Sacramento physician Dr. John Morse wrote what is considered to be the first history of the California Gold Rush in 1853. Source: California State Library.
John Rollin Ridge, a Native American author and journalist, wrote the first novel published in California: the story of legendary Gold Rush outlaw Joaquín Murieta. Source: California State Library.
Based partly on fact but mostly in legend, Joaquín Murieta became a symbol of Californio resistance to the arriving throngs of gold seekers.'Joaquín Murieta, the Celebrated California Bandit,' drawing by Charles Christian Nahl, engraving by Thomas Armstrong, Sacramento Steamer Union, April 22, 1855. Source: California State Library.
49ers needed news from back home and pioneering mailmen such as John 'Snowshoe Thompson' Torsteinson-Rue and John Calhoun Johnson filled the bill. This is John Calhoun 'Cock-Eye' Johnson: Sierra Nevada trailblazer and Gold Rush mailman. Source: California State Library.
For decades, there was a lively debate as to the proper name of Lake Tahoe. During the Gold Rush, the argument centered on 'Lake Tahoe' versus 'Lake Bigler.' Gold Rush era surveys labeled the lake as 'Lake Bigler,' in honor of Governor John Bigler, Many preferred 'Lake Tahoe' instead. In 1870, the California legislature passed a law officially naming the lake as 'Lake Bigler.' By that point, virtually everyone referred to the lake as 'Lake Tahoe.' 'Lake Bigler' would remain the official name until 1945, when the 1870 act was repealed and 'Lake Tahoe' was authorized as the official designation. Detail from 'DeGroot's Map of Nevada Territory,' 1863. Source: California State Library.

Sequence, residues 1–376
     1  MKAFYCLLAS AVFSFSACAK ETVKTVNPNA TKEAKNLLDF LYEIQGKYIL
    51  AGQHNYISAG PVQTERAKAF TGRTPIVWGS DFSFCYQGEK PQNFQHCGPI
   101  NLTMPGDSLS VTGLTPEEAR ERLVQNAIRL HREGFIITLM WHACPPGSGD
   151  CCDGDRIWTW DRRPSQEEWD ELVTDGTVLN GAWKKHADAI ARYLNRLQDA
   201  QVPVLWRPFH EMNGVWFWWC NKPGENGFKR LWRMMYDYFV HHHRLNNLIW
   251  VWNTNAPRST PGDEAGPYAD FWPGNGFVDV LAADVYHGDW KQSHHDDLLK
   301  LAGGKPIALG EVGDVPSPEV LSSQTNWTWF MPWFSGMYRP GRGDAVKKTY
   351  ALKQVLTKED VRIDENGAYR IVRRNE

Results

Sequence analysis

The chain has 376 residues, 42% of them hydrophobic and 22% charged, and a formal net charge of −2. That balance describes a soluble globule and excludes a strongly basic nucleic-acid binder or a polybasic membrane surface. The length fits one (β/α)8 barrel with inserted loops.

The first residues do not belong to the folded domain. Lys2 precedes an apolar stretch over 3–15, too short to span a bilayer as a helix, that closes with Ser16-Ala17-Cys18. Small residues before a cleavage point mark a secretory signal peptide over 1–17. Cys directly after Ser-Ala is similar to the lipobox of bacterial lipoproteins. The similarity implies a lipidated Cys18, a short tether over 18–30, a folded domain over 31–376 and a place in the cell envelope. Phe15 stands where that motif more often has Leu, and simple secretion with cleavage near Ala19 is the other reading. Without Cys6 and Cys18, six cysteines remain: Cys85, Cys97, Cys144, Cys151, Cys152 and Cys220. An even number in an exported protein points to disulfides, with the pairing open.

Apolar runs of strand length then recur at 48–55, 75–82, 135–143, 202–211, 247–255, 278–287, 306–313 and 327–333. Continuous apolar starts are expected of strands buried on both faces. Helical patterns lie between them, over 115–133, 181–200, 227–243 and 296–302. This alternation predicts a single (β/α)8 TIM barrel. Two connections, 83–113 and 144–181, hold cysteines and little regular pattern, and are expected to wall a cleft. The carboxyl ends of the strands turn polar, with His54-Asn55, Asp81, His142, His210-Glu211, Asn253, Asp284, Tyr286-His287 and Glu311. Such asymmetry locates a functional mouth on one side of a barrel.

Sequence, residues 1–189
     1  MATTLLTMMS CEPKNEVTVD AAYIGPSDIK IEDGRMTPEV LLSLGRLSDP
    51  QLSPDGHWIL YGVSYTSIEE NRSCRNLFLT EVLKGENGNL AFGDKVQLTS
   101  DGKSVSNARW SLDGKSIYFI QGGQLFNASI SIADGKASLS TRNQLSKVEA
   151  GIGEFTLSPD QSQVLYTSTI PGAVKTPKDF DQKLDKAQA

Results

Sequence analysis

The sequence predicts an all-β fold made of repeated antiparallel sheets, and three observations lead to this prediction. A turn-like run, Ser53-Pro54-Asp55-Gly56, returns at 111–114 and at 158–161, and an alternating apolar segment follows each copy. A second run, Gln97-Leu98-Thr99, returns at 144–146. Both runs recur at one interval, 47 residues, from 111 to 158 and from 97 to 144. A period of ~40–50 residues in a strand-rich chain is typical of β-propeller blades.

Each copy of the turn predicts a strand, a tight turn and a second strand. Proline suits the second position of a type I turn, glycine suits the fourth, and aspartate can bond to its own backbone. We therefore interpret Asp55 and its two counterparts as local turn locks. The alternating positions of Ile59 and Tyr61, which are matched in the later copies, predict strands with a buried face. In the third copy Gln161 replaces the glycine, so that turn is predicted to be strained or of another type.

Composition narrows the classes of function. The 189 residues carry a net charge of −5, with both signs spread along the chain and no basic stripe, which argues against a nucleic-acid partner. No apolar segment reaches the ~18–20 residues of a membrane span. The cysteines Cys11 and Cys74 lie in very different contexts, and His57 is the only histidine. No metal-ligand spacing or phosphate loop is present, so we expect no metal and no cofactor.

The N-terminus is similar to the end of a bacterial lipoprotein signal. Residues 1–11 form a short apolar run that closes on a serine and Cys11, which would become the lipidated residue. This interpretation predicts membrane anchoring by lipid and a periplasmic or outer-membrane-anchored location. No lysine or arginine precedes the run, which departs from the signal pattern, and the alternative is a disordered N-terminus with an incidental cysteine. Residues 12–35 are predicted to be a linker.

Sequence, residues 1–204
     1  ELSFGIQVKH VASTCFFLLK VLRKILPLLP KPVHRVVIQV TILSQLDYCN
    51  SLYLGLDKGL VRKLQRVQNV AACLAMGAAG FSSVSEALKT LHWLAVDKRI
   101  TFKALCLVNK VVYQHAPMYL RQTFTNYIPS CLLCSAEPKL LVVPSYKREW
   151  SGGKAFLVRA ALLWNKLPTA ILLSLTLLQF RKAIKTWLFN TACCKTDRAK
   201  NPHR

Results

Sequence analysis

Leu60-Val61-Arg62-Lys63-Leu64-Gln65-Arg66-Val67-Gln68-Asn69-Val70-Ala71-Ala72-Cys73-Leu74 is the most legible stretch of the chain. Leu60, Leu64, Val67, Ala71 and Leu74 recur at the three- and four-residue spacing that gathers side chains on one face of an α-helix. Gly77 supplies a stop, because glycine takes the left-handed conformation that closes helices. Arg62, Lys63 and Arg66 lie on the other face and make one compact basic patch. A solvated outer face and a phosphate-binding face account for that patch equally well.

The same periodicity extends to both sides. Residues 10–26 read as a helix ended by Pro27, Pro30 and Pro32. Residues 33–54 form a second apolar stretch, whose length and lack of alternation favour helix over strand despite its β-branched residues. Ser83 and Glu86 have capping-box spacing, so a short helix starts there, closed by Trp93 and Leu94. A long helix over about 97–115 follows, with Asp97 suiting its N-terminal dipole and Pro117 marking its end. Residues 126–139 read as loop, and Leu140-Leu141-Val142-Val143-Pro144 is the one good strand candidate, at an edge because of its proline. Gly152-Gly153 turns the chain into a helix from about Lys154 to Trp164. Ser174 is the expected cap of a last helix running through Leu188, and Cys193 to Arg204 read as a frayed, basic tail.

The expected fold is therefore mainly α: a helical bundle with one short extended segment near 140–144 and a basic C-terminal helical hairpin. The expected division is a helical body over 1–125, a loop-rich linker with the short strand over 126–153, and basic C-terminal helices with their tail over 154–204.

Most Gold Rushers wrote letters home or kept a journal or daily recorded their observations in a diary. The diary of Joseph Pike, an Illinois gold seeker, is one of the simplest, and most edifying, of all Gold Rush journals. Pages from Diary of a Forty-niner, Being the Diary of Joseph Pike of Half Day, Illinois, April 15, 1850 to December 29, 1851. Source: California State Library.
Next to finding gold, among the forty-niners' favorite activities were drinking, dining, and other exuberantly unsavory diversions. Image 7 from The Miner's Pioneer Ten Commandments. Source: California State Library.
Kennovan - Pedestrian. 49ers had many amusements during the era. Among the most interesting was 'pedestrianism,' or competitive walking races. James 'Uncle Jimmy' Kennovan, champion pedestrian, frequently concluded his competitive walks by dancing a jig. James Kennovan of San Francisco, by J. A. Woodson, 1863. Source: California State Library.